Commodities Power This Emerging Markets ETF

In a year when many emerging equity markets are soaring, Latin America is a standout at the regional level and a big reason why is rebounding commodities prices.

Latin America’s central bank policies are notable, at least among the region’s two largest economies, Brazil and Mexico. Although Brazil’s central bank has not hiked interest rates since last year, its benchmark borrowing cost of 14.25% is among the highest in the world, emerging or developed markets. Earlier this year, Mexico’s central bank surprisingly raised rates to help prop up the peso.

Related: How Central Banks Affect LatAm ETFs

While exchange traded funds tracking Argentina, Brazil and Peru are garnering most of the headlines this year, and with good reason because are three of the world’s best-performing equity markets, Colombia and the Global X MSCI ETF (NYSEArca: GXG) are also on the mend. Colombia, South America’s second-largest economy, is a major producer of silver, copper and, to a lesser extent, gold. Colombia is also one of South America’s biggest oil producers.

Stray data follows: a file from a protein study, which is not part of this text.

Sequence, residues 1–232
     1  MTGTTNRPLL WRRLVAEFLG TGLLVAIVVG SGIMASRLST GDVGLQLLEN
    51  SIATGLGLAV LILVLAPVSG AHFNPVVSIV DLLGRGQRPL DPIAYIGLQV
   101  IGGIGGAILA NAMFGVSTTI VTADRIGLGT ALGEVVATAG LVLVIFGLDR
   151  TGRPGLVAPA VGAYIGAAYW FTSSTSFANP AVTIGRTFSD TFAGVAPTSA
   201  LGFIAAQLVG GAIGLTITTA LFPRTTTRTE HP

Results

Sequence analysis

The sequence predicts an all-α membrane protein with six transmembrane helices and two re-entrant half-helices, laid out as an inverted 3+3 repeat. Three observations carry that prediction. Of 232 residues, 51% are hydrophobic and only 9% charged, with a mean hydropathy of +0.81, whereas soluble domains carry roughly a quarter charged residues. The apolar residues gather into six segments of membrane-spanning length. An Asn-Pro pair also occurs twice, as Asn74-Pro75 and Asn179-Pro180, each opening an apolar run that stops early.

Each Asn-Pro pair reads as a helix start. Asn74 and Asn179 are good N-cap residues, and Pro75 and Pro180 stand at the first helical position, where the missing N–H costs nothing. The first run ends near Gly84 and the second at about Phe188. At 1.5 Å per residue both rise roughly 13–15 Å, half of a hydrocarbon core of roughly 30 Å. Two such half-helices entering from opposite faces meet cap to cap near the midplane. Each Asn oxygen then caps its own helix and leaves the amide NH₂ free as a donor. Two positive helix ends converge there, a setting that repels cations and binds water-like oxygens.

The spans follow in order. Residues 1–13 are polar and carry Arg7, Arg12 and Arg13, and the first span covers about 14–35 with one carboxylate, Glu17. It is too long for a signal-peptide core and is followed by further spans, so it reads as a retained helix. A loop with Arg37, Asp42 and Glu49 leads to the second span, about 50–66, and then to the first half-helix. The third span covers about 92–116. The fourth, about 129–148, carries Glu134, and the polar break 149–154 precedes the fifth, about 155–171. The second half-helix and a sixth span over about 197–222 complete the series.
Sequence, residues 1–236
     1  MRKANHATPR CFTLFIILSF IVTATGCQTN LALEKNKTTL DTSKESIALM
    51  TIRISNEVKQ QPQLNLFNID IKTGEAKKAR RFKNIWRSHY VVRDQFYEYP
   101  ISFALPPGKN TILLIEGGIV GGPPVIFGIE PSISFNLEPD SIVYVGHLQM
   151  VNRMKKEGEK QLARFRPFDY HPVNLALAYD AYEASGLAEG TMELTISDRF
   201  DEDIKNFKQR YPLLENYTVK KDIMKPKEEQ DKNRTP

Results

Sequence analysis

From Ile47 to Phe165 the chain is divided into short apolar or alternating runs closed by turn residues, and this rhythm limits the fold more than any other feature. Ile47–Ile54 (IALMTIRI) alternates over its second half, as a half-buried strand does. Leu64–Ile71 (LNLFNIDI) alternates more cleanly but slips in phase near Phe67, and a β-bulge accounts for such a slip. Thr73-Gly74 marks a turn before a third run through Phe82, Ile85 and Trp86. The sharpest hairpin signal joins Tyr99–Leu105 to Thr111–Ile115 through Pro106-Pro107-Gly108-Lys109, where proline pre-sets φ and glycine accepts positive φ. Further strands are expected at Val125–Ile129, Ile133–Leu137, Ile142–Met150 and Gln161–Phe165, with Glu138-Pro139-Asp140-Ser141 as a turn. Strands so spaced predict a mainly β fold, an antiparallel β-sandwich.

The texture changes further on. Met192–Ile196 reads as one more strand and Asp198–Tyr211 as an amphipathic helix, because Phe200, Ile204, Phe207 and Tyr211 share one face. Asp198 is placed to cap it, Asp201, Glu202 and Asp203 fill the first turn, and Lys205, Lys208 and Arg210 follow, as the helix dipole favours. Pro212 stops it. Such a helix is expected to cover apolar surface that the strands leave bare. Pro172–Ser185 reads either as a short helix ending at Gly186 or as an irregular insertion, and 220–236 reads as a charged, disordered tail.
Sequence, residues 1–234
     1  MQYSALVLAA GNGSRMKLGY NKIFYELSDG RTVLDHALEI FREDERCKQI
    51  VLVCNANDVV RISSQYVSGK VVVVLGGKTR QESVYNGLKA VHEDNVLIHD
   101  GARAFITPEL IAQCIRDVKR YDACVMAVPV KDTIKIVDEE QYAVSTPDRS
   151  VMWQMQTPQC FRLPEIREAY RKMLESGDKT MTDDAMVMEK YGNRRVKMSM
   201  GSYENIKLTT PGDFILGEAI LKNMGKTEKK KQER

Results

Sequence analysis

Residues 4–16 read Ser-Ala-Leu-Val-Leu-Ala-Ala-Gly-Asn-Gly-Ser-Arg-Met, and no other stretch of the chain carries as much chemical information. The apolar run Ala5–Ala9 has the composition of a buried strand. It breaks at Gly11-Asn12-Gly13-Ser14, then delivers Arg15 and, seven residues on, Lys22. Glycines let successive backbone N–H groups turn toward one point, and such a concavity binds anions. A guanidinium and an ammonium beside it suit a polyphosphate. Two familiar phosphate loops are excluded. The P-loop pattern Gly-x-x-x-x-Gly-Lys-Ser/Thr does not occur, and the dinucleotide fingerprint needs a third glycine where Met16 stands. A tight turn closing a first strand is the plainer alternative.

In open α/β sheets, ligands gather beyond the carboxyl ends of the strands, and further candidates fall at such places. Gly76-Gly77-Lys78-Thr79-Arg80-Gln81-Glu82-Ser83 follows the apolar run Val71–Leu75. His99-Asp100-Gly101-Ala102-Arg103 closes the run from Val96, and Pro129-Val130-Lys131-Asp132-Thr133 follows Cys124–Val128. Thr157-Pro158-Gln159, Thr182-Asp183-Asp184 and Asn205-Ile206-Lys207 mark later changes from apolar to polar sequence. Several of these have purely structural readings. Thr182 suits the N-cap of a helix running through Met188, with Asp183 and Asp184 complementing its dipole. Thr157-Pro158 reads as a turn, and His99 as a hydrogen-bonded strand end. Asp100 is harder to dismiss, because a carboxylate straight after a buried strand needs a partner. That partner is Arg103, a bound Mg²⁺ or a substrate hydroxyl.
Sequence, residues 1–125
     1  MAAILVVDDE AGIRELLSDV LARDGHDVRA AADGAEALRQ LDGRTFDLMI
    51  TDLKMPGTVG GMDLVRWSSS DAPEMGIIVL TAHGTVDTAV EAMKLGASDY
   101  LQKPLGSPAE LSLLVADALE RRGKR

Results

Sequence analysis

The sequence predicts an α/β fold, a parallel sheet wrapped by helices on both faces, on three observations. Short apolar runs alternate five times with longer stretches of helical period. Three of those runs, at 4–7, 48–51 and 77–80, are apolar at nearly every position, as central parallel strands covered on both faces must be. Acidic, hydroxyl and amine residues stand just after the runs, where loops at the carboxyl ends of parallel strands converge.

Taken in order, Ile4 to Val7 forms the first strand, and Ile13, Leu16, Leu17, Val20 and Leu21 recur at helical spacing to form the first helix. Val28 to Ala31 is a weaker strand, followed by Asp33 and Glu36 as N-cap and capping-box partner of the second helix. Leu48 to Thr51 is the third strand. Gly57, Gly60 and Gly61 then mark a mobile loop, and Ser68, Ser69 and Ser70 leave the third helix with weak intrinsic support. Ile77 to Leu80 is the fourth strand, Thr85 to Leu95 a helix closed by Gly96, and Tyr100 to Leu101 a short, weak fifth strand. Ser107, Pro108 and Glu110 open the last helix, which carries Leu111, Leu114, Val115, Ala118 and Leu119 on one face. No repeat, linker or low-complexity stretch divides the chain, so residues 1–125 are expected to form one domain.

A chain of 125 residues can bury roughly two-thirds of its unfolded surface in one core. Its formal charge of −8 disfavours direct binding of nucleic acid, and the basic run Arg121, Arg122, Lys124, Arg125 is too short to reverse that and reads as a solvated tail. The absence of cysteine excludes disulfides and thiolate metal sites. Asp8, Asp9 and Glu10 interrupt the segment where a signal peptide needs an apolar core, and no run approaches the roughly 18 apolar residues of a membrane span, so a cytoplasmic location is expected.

It was just a few years ago when Colombia was one of the brightest emerging markets stars, but the commodities slumped experienced over the last two years pressured Colombian equities and GXG. Last year, Colombia’s central bank had to hike interest rates to cool inflation. Two years ago, Fitch Ratings upgraded its long-term foreign issuer default rating on Colombia, South America’s second-largest economy, to BBB from BBB-.

“Like Brazil, Colombia is trying to damp inflation and Colombia has the luxury of having far lower interest rates so the central bank there can be hawkish. Indeed, it has been. GXG has become one of this year’s best ETFs in the midst of a streak of 11 consecutive months in which Colombia’s central bank has boosted borrowing costs,” according to InvestorPlace. “Colombia’s benchmark lending rate is 7.75%, but the concern for GXG’s ability to remain a best ETF is that June inflation figures were Colombia’s highest in 16 years.”